I met anorexia when I was 12 and she became my everything

The number of new anorexia cases among those aged between eight and 12 is twice the number of previous estimates, a new study has found.

The study, which looked at figures from the UK and Ireland, found that there were 3.2 new cases per 100,000 children in that age group.

This was more than twice the 1.5 cases found in 2016 research.

Hope Virgo was diagnosed with anorexia as a teenager, and recovered after years of support and treatment. She shared her experience with Sky News.

I met my friend anorexia when I was 12 years old, and she became my everything.

She comforted me at night, held me close when I was struggling and distracted me when I was anxious about my parents arguing. She was my secret and I didn’t want anyone to get in the way of what we had. I managed to keep her hidden for four years, becoming more devious in my attempts to conceal her from the people around me.

I hid everything – and I was very good at it. But when I returned from school after my summer holidays aged 16, my school found my secret out.

That’s when things started to go wrong for me and my best friend anorexia.

Within weeks I was referred to the child adolescent mental health service. I remember my first appointment like it was yesterday.

I arrived at the hospital with my mum and sat in the waiting room. It was full of other young people and they didn’t look like me. They all looked unhappy, just different, and I couldn’t understand why I was there.

I entered the room and the doctor diagnosed me with anorexia. I couldn’t understand it: anorexics, I thought, were skinny and I certainly wasn’t.

I accused him of lying and told him to stop making me fat. I wasn’t anorexic. Over the next few months things got harder. I felt completely trapped and gradually more out of control.

My days were spent obsessively exercising, skipping as many meals as possible and either ending the day with a massive family row or eating dinner really quickly then heading upstairs to make myself sick.

I used to sit in my therapy sessions being told that my body was falling apart and I was losing the fat round my organs. But I didn’t believe anyone telling me this. I thought they were just jealous I had a best friend who made me feel so good.

It spiralled out of control so fast that months after my first appointment at child and adolescent mental health services my heart nearly stopped and I was admitted to a mental health hospital where I spent the next year of my life recovering.

It was the hardest year of my life: revisiting past experiences, learning to talk about my feelings and learning to accept that I needed help.

After that year in hospital, I had developed a handbook of coping mechanisms – including learning to talk about how I felt, challenging myself around food, and getting rid of all emotions.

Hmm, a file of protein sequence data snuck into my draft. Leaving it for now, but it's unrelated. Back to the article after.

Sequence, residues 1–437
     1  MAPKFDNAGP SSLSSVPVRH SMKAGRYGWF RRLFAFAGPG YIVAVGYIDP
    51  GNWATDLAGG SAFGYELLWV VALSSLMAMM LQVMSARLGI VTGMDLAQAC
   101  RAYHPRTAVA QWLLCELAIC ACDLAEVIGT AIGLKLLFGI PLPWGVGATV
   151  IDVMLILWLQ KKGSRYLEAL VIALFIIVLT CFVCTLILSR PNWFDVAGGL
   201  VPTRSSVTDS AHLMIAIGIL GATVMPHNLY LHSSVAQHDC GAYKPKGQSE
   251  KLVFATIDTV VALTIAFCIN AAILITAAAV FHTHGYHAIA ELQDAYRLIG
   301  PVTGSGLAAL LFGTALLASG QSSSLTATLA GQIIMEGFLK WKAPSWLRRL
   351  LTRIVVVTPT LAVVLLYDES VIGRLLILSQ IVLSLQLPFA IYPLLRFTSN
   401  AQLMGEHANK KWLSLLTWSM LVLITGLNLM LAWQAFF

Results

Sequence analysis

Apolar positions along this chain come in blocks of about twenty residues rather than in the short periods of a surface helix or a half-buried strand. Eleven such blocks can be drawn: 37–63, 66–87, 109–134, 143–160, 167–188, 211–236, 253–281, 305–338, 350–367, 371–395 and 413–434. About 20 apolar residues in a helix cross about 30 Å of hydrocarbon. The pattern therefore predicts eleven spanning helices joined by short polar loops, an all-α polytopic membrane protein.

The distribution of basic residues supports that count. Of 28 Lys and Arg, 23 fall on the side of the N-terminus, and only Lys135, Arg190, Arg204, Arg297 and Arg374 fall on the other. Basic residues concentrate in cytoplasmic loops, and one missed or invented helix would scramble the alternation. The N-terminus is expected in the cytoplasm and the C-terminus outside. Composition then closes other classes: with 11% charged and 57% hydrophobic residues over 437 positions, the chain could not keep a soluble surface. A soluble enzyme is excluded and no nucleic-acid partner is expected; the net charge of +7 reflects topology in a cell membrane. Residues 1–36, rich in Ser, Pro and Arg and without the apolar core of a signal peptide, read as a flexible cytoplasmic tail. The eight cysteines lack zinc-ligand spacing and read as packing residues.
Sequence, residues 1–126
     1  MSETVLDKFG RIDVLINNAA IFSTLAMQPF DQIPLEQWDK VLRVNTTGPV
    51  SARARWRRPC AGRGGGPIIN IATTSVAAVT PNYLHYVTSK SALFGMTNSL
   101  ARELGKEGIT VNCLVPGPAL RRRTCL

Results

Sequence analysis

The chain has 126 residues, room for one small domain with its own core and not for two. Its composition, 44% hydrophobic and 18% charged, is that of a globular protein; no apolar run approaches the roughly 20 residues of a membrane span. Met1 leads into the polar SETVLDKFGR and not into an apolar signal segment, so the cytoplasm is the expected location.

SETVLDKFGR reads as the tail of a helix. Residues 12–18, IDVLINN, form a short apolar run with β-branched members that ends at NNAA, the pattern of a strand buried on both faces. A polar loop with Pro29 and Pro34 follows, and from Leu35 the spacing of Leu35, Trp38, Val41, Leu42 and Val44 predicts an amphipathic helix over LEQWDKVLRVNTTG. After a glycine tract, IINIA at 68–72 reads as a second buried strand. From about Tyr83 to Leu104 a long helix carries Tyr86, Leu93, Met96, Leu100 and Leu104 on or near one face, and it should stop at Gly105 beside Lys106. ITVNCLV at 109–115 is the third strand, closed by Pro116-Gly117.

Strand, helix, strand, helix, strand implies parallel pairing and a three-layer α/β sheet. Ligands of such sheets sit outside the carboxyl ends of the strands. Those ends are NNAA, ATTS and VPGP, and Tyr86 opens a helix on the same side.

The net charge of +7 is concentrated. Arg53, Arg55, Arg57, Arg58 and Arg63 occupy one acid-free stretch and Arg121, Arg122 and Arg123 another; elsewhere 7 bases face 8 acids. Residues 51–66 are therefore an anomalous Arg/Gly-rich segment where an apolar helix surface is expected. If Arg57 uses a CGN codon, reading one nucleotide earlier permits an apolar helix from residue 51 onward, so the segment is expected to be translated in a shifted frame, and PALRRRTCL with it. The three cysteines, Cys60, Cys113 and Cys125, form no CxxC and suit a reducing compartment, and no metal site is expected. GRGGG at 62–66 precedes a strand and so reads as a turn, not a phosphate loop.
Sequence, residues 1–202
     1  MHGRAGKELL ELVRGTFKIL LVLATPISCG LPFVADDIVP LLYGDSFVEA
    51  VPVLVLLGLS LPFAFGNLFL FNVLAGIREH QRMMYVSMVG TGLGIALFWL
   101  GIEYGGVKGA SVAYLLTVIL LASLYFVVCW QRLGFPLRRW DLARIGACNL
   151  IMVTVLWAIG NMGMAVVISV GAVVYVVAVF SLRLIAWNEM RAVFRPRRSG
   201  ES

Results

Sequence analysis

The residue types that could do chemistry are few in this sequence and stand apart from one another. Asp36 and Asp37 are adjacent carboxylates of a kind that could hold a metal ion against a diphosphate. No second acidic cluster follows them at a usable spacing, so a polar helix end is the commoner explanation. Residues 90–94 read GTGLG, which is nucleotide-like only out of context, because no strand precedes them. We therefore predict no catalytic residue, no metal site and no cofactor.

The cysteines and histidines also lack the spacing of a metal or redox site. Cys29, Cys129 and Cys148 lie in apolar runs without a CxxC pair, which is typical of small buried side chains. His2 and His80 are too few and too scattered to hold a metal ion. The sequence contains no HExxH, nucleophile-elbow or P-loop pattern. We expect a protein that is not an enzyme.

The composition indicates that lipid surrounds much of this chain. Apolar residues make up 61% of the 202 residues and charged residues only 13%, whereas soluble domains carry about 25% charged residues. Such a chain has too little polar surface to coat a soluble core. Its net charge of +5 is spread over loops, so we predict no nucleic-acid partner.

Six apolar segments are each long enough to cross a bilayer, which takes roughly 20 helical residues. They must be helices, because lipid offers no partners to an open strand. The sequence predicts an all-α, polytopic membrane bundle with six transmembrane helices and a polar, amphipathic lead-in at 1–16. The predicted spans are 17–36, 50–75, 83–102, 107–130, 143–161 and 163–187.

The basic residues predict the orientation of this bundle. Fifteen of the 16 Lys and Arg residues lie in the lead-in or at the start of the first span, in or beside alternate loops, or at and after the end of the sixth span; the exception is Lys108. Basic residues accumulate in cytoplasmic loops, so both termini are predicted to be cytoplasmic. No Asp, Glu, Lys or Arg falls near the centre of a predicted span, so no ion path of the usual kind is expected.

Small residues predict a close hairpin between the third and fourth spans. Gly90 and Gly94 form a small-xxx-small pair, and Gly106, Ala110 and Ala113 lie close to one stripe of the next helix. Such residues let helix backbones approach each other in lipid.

But my biggest frustration was that people still thought your anorexia must be completely gone if you were a healthy weight.

That is not the reality. There is so much more to recovery than gaining physical weight.

Recovery isn’t always a straight line either. You have to learn what triggers to watch out for, and to be aware if it gets tough again.

As we entered in to 2016 I was feeling positive about life. I barely thought about my anorexia and I certainly didn’t let her dictate what I did.

But after my grandma passed away, anorexia used it as a reason to seduce me. She pulled me in when I was feeling weak and grieving, sucking me closer and closer.

After four months of battling with this relentless voice in my head I reached out for help. I got an appointment at my local mental health trust, but because I wasn’t underweight there was nothing they could do for me.

My story isn’t unique. In fact there are countless people who get turned away for not being “thin” enough, or not fitting a specific criteria. It isn’t right or fair that this is still happening – and it means people with eating disorders aren’t getting the treatment they need to prevent them getting worse.

After I came through my relapse I decided that I needed to help others, so I wrote a book, Stand Tall Little Girl, and I began doing talks about mental health.

The more people I spoke to the more I realised this was an growing problem and one that needed to be tackled. And despite the clinical guidelines, people are too often turned away from getting the help they so desperately need.

The guidelines are correct but they are not being uniformly implemented across the nation – to the detriment of thousands of people daily. It is time we stopped waiting for people to hit crisis point before offering them support.

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